When Patricia Gualinga, a former Kichwa leader represented the global climate justice movement at the High-Level Segment at COP23 her impassioned speech contrasted sharply to those by heads of governments, reminding everyone that “Climate change is not a business.... We, the grassroots communities and Indigenous Peoples of the world, we have the real solutions. From the people of Sarayaku to Standing Rock, from the Ogoniland to Lancashire to the Ende Gelände movement here in Germany - we are all fighting against destruction and for a decent life. We are fighting for Climate Justice! ...Our struggle is for life, for justice, for Mother Earth. For women, youth, our children and their children. For our future!”

For the world to stay within the rise in temperatures per the Paris Climate Agreement, new fossil fuel production must be halted. Potential carbon emissions from the oil, gas, and coal present in the worlds currently operating fields and mines would take us beyond 1.5 or 2 degrees Celsius of warming as per that agreement.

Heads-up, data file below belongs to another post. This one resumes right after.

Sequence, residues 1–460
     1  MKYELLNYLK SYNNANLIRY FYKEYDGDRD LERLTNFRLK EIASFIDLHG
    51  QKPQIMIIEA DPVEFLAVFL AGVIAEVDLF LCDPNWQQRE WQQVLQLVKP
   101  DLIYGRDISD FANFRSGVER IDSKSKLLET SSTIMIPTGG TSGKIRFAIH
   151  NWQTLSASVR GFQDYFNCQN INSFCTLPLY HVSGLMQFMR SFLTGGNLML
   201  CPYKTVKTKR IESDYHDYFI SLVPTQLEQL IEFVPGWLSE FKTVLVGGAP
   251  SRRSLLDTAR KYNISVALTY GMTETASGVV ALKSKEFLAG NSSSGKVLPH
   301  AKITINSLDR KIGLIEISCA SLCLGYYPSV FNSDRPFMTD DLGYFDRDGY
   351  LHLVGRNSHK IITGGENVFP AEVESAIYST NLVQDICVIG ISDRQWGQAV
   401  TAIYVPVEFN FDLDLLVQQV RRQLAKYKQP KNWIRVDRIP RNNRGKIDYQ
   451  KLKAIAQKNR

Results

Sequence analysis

"Considering that global climate chaos is here and global experts are warning that three-quarters of the world's fossil fuels must be kept in the ground to avoid catastrophic climate change, protecting the Amazon is a greater priority than ever. We stand with Indigenous peoples and allies to stop Amazon destruction, advance Indigenous solutions, and support climate justice," said Leila Salazar-López, Executive Director of Amazon Watch.

 

---Miriam Anne Frank as an independent consultant has worked on Indigenous issues for IPOs, NGOs, international organizations and foundations and teaches on these topics as a Lecturer at the Department of Cultural and Social Anthropology, University of Vienna. She has recently joined Amazon Watch as its Foundations Relations Manager.

To learn more about Amazon Watch please visit www.amazonwatch.org

 

Sarayaku Statement from COP23: Sarayaku Children of the People of Zenith Making Our Voices Heard at the United Nations Climate Summit COP23